After she moved away, Tatiana and I kept in touch. She reported that Sidney was not getting along well sharing space with her housemates' two cats. In December '04, when she was leaving for a three-week vacation, I suggested that instead of boarding Sid at some impersonal kennel, why not bring him over here to visit? She agreed, and although Sidney was initially freaked out by the abrupt change of scene, he quickly reconnected with his old neighborhood. Over the holidays, it mostly rained and Sid slept in a chair beneath an overhang just outside my door, evidently digging it. When Tatiana returned to retrieve him, he resisted and hid under my bed--though it was futile.
Sid's behavior indicated a love for his old neighborhood in Santa Cruz. But Tatiana felt that she ought to follow through on the long-term commitment she'd made when she adopted him. This cat had already been passed around plenty, and she did not want that to happen to him any more.
Still, our short-term boarding arrangement seemed to work well.
The following August, I received an urgent email from Tatiana: "Sid needs a bit of help." She'd just returned from Europe and wanted to bring him over for a few weeks while she was in the process of moving again. While she'd been overseas, her housemates had rented out her room to a person with a BIG DOG. Sidney had gone into hiding in the garage and not eaten for a week. Tatiana finally coaxed him out, then jammed him into the hated crate to bring him here. She called me from Highway 17, and over the phone I could hear Sidney yowling loudly nonstop--as though he feared the worst was yet to come.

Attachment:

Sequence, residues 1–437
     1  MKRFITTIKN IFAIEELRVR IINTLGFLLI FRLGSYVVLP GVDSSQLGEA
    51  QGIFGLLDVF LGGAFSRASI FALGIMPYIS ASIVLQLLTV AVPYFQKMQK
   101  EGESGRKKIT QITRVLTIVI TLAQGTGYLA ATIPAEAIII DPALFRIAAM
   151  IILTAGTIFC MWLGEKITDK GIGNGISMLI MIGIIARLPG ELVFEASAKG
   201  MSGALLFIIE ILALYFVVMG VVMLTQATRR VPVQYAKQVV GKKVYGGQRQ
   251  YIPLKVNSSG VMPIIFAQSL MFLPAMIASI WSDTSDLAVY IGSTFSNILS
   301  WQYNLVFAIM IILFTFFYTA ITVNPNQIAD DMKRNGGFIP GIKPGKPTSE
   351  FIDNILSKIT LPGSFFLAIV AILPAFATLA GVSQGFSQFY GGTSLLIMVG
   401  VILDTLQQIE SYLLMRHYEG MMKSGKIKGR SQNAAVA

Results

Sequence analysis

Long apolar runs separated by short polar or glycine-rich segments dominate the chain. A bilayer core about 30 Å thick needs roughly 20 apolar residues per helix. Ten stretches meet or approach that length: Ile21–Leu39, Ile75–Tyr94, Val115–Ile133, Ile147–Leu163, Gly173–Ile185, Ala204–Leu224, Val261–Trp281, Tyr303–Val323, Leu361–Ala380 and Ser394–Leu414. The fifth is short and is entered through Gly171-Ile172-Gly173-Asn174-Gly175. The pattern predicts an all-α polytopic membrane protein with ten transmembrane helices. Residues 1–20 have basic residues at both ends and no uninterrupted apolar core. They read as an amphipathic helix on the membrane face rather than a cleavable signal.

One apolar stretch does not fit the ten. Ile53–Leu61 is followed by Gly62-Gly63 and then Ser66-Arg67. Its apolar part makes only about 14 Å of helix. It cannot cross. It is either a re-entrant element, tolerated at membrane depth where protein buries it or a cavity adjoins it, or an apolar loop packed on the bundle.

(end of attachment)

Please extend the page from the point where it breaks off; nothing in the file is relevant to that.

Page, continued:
When they got to my place, she released him and he shot from the crate. Looking extremely skinny and screaming his pent-up displeasure, Sid ran outside and disappeared in the bushes. After a while, he reappeared, and we met him in the yard. Tatiana stood over Sidney, who was rolling around on the dry grass in front of her and purring.
Her voice full of emotion, she said, "He's thanking me for bringing him here!"
I called out to the cat. "Sidney!"
Sid meowed, came running over and let me stroke his head.
About then I heard myself say, "If you want ... I'll still take him."
I half-expected a flat-out "no," but Tatiana answered cautiously: "We'll see how it goes."
She wasn't the only one hesitating. Once I realized that adopting Sidney was a possibility, my old anxieties about taking responsibility for another life paid me another visit: What if Sid got sick? What if he needed surgery? What if he vanished?
Then a new worry sank in: I'd made the offer to adopt him, but what if it didn't happen? How many times could I stand to see this cat taken away from me?
That was last summer.
Here it is, springtime again, and as I finish writing this, Sid's sitting on my futon, watching me type. When I reach out, he comes over, extends his head and lets me rub his chin. When I get up, he will pre-empt my chair.
Sidney and I are roommates now. I cover his expenses and brush him. We're in it for the long haul. So Sidney can spend all his evenings doing whatever he does out in the 'hood, and his days napping undisturbed in the big yard--just the way he planned it.
To adopt a cat, contact: Santa Cruz SPCA 831.465.5000. The Santa Cruz County Animal Services Authority (a.k.a. the pound): Scotts Valley 831.454.7303; Watsonville 831.728.6078. Project Purr is a feral cat and kitten rescue organization, not a shelter or adoption agency, but sometimes has felines available for adoption: 831.423.6369 (423-MEOW). Art O'Sullivan's previous Metro Santa Cruz essays received an award from the California Newspaper Publishers Association last year. He is also host of 'The Golden Road' program, which features Grateful Dead for nonbelievers, Wednesdays from 3 to 6pm on KZSC-FM (88.1) Santa Cruz.